When migraine arrives, not only the body suffers. The voice too is impacted by a condition that introduces itself with such great force. As a migraine-suffering singer I notice these changes and become fascinated by the aesthetics of a failing voice in a failing body. This exposition reflects upon the relevancy of Migraine Music as an aesthetic phenomenon and by focusing on the specific area of the vocal and the sonant, I project the issue into a broader context of language, speech and communication. First, I find the migraineur’s voice to be missing as it is silenced by society. Then, I study the failing of the voice when constricted by intense physical pain and I turn to the voice as it is transformed by migraine-specific symptoms. I study these deficiencies of the voice on a theoretical level in order to approach them through my artistic practice as a migraining singer. The artistic work accompanying this research is entitled Impulsive Incantations, and aims at voicing the migraine body through evocative text, vocal improvisations and a migrainous singing technique.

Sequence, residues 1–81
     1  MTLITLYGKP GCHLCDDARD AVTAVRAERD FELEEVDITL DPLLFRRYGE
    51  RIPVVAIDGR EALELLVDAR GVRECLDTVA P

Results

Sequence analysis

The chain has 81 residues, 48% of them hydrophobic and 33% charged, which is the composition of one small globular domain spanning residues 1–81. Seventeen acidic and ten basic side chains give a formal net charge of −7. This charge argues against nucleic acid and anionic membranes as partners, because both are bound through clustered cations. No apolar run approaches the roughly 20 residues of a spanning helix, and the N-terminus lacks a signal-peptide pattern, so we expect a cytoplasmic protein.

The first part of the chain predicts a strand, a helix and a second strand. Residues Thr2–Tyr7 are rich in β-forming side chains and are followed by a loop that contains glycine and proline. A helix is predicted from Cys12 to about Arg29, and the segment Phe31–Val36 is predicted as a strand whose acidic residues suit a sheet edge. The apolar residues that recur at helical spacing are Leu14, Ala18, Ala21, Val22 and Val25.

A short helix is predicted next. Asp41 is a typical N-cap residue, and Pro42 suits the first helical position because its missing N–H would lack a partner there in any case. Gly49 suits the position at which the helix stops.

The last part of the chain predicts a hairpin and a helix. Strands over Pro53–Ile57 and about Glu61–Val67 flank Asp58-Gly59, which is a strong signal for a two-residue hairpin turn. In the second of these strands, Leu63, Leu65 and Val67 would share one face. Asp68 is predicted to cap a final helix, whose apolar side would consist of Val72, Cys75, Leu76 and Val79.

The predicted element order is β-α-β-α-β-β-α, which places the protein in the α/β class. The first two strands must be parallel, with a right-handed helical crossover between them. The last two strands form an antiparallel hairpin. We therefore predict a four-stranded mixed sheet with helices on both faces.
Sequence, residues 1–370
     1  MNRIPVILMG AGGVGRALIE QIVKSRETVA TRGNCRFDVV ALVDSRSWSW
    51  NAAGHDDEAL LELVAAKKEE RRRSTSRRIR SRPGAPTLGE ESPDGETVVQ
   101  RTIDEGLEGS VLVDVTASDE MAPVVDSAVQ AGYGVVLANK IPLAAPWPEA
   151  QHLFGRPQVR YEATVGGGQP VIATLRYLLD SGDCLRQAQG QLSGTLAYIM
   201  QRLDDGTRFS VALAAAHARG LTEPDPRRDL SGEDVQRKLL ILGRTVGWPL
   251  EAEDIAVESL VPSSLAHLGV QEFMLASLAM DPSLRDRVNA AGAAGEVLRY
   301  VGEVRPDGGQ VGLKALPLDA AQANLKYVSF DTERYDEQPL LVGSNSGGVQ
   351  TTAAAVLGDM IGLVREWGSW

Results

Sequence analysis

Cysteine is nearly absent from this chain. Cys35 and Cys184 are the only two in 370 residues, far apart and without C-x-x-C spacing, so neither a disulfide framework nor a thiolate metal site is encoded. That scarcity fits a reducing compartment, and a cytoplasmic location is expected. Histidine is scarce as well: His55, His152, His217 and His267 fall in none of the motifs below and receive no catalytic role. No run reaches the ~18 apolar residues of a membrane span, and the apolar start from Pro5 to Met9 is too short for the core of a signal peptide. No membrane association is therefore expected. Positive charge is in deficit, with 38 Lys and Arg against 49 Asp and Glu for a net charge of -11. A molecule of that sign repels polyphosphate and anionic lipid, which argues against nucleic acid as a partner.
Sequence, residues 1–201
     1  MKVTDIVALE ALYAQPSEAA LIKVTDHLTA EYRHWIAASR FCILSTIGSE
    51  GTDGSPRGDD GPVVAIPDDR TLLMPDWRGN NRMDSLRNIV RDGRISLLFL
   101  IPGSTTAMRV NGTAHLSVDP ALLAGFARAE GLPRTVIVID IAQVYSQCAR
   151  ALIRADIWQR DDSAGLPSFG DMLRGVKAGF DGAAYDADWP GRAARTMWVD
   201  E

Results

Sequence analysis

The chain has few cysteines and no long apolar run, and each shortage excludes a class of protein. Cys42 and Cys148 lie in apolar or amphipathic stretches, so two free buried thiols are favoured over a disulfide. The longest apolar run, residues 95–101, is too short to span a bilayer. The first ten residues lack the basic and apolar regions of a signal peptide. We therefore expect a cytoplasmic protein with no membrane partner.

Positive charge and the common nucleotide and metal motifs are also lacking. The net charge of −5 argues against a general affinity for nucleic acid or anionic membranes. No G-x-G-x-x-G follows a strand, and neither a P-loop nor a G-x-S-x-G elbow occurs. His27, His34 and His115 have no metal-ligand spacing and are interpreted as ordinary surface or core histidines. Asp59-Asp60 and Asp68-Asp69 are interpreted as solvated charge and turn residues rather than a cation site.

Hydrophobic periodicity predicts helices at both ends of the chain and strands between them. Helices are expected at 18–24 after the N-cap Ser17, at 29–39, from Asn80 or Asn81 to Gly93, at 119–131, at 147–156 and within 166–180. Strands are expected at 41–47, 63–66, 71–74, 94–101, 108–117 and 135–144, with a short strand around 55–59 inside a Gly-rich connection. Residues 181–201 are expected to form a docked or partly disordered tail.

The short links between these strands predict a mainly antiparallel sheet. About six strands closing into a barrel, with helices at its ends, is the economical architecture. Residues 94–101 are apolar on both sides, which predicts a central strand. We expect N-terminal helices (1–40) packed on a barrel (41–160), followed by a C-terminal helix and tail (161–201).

This essay and audio piece explore how the related experiences of illness and isolation problematize the clear spatial opposition of “outside” and “inside.” Adopting the dialectical models, proposed by French philosopher Gaston Bachelard in his phenomenological study of outside and inside, I aspire to take aural notice on how the migraine sufferer’s sense of space shifts in sync with her sense of self throughout a migraine attack. Composed out of vocal sounds and domestic noises, recorded in and around the house, this piece merges the materiality of the room and voice in a conversation that balances on the edges of meaning. Juxtaposing one unto the other, both self and space get lost in displacement, matter melts and disappears into one roaring drone.